In 2014, a non-profit organization was founded in the United Kingdom that would soon take the world by storm: Veganuary. The organization encourages people to try veganism for the month of January. A vegan lifestyle involves eliminating all animal products from your life.
The organization holds an annual event during the month of January, which they also call Veganuary. According to the non-profit’s website, there have been more than one million participants in the Veganuary event since 2014.
Trying veganism one step at a time
There are many positive reasons for living a vegan lifestyle. Some people do it for health reasons, others for the environment and protecting animals, or all of the above.
Becoming vegan can seem like such a huge commitment both mentally and fiscally. The goal of Veganuary is to make the month of January an opportunity for people to try veganism, and if they’re interested, continue with the lifestyle after the month is up. But the following question arises: Is 31 days enough to ease into a completely new lifestyle?
First-year Dalhousie University student Megan McAllister is a vegan. She expresses some concerns about the Veganuary event and jumping into veganism all at once.
“I think it would be good if you started [by becoming] vegetarian, then started cutting out dairy and eggs,” she says.
McAllister also recommends looking up recipes for vegan cuisine to get used to cooking foods you may not be familiar with. She says taking the time to find out how to make nutritious and healthy meals is essential to making your vegan experience sustainable.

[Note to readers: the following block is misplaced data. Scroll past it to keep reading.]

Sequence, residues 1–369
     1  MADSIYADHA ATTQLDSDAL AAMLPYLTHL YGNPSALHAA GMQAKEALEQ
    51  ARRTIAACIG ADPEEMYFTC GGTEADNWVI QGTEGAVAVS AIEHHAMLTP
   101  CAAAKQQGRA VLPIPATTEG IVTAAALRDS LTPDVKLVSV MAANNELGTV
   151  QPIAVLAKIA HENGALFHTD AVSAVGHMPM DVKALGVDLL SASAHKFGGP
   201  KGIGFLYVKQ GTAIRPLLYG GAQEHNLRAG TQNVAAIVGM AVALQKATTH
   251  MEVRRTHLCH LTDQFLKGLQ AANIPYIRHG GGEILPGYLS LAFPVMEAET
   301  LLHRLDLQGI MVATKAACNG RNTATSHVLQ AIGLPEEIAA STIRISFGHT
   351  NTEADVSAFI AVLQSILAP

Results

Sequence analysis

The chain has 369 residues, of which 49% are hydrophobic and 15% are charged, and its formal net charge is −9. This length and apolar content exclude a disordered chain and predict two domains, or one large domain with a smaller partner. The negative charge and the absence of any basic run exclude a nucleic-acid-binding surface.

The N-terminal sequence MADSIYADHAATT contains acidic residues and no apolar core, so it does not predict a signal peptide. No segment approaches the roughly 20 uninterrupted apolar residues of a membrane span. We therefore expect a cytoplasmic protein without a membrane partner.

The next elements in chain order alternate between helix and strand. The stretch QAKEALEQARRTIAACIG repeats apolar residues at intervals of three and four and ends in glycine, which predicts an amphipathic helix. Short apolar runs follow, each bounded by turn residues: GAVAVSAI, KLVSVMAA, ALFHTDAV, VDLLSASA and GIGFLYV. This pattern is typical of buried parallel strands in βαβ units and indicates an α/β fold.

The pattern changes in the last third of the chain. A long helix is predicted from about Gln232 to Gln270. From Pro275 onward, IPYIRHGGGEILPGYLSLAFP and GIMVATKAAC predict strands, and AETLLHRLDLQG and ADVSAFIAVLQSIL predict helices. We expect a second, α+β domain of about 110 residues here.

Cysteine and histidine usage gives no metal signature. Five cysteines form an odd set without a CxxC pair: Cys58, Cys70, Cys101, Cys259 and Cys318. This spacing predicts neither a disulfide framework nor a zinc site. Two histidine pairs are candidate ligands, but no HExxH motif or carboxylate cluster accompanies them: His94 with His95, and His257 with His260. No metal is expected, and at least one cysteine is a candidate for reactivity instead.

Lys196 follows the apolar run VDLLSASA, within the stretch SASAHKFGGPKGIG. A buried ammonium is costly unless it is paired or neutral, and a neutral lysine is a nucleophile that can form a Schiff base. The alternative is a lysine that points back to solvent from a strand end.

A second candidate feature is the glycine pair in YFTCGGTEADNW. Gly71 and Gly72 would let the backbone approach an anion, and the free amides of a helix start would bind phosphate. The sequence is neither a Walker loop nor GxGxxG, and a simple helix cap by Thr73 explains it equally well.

Not just a diet
Becoming vegan is not just about the diet. It’s a lifestyle: Even though the food you consume is a big part of the commitment, veganism requires more than just cutting out your daily chicken sandwich.
McAllister expresses how temporary the one month Veganuary challenge is.
“Technically if someone was to just do it for a month diet wise, then that would just be a plant-based diet,” says McAllister.
Becoming a fully committed vegan means you try to avoid owning or using any kind of animal products in your life. For example, you would not wear leather and only purchase cruelty-free products. This is a much bigger commitment than just swapping out meat as it pertains to makeup, clothing and other daily items.
The main goal of the non-profit Veganuary is advocacy. Participation in the challenge is increasing. In January 2020, the event reported 400,000 people signed up, which is a 60 per cent increase from 2019. (The numbers for 2021 have not yet been released.) The Veganuary website claims 98 per cent of participants would recommend Veganuary to a friend.
The internet can see its fair share of negativity, so a trend that promotes reduced meat consumption and environmental consciousness is a positive one. Going vegan can be a huge lifestyle change, especially if you don’t know where to begin.
If you decide to take the Veganuary challenge next year, all I would say is this: Do your research. Before fully dedicating yourself, it’s best to fully understand what veganism entails and how to make it a sustainable practice in your life.